If the tumor is close to the skin, then it may be possible to obtain a core needle biopsy. The biopsy sample is taken using a needle passed through the skin into the tumor. Ultrasound may be used to help guide the precise needle placement.
Fluid Biopsy
Some patients have a buildup of fluid around the lungs or in the abdomen. In some cases, a sample of this fluid is analyzed to check for cancer cells.
In a thoracentesis, a doctor uses a needle or a catheter (a thin plastic tube) to drain fluid from a pleural effusion, which is a buildup of fluid around the lungs.
In a paracentesis, the fluid from ascites, or fluid buildup in the abdomen, is drained using a needle or a catheter.
Endoscopic Biopsy
An endoscopic biopsy is a surgical procedure in which small incisions are made and an instrument called a scope is inserted. Using a camera on the end of the scope, the surgeon can visualize the inside of the body. They can also obtain tissue samples through the scope using specially designed surgical instruments.
For pleural mesothelioma diagnosis, the most common procedure is a thoracoscopy. Through small incisions in the chest wall, the surgeon can visualize the inside of the thoracic cavity to look for tumors, and obtain one or more biopsy samples.
A mediastinoscopy is used. In this procedure, a scope is inserted into the mediastinum, which is the tissue in the center of the chest.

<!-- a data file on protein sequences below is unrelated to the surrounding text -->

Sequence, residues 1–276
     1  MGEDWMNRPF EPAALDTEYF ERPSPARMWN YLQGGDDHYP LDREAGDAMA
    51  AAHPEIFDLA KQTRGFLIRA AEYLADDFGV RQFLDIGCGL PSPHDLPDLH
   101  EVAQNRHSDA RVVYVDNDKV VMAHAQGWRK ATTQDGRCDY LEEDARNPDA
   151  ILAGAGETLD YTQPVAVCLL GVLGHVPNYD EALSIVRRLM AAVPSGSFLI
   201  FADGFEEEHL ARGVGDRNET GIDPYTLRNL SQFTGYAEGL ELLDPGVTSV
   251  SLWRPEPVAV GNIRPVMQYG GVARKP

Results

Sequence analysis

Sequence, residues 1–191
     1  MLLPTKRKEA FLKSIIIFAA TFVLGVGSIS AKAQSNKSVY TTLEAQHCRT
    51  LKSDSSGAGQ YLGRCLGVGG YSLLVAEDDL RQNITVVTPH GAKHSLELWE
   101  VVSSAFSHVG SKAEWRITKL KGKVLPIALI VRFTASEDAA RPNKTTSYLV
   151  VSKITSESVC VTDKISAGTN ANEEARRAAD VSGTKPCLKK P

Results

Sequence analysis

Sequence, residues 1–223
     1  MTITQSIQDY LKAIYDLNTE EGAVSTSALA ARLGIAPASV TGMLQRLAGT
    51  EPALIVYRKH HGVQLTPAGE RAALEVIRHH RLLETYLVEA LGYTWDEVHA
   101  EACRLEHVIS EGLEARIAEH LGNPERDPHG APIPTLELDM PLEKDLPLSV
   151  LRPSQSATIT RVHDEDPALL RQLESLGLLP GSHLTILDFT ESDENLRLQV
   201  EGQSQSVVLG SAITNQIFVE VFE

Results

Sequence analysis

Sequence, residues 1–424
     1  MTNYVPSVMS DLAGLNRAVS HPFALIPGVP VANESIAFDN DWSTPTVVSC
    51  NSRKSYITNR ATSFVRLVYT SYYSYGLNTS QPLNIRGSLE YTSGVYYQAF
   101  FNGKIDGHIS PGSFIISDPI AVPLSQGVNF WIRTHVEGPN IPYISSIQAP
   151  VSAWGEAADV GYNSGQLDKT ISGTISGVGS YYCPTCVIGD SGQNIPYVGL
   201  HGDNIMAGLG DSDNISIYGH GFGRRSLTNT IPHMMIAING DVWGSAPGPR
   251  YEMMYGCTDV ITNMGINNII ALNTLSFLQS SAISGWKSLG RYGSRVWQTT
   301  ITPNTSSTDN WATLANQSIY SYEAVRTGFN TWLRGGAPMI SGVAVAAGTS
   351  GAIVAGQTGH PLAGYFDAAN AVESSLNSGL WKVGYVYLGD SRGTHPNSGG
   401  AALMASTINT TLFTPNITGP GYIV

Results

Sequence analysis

Peritoneal mesothelioma diagnosis may involve a laparoscopy, in which the surgeon uses a laparoscope to look around the abdominal cavity and get biopsy samples.
Open Surgical Biopsy

In some cases, when an endoscopic biopsy isn’t enough, an open surgical biopsy may be needed. This involves making a larger incision to allow the surgeon to see the inside of a body cavity directly rather than through a scope. For pleural mesothelioma patients, the procedure used is called a thoracotomy, while for peritoneal mesothelioma, it’s a laparotomy.

It can be difficult to distinguish different types of cancer from each other. It’s important to be certain of the type in order to treat the patient correctly.

For example, lung cancer is treated differently from mesothelioma. To ensure that the diagnosis is correct, a series of blood tests known as immunochemistry may be used. These tests look for particular proteins in the blood, which are sometimes known as biomarkers.

Different types of cancer are associated with rises in different proteins. For example, patients with mesothelioma often show a rise in the level of soluble mesothelin-related peptides (SMRPs).

Although studies have shown that blood tests are not accurate enough for diagnosing mesothelioma on their own, they can be a useful adjunct to other types of testing in order to be certain of the diagnosis.

Tests for Staging

An important part of the diagnostic process is mesothelioma staging, which is the process of determining how advanced the cancer is. Staging is crucial in creating a treatment plan because cancer treatment options are different in an early stage than in an advanced stage.

Doctors may use additional types of imaging studies for staging mesothelioma.

Magnetic Resonance Imaging (MRI)

An MRI may be helpful in localizing tumors and checking for additional tumors around the body. MRI scans sometimes involve the use of contrast dye.

Positron Emission Tomography Scan (PET scan)

PET scans use a tracer to look for malignant cells. This is helpful in determining whether the cancer has spread to lymph nodes or has undergone metastasis, or spread to other parts of the body.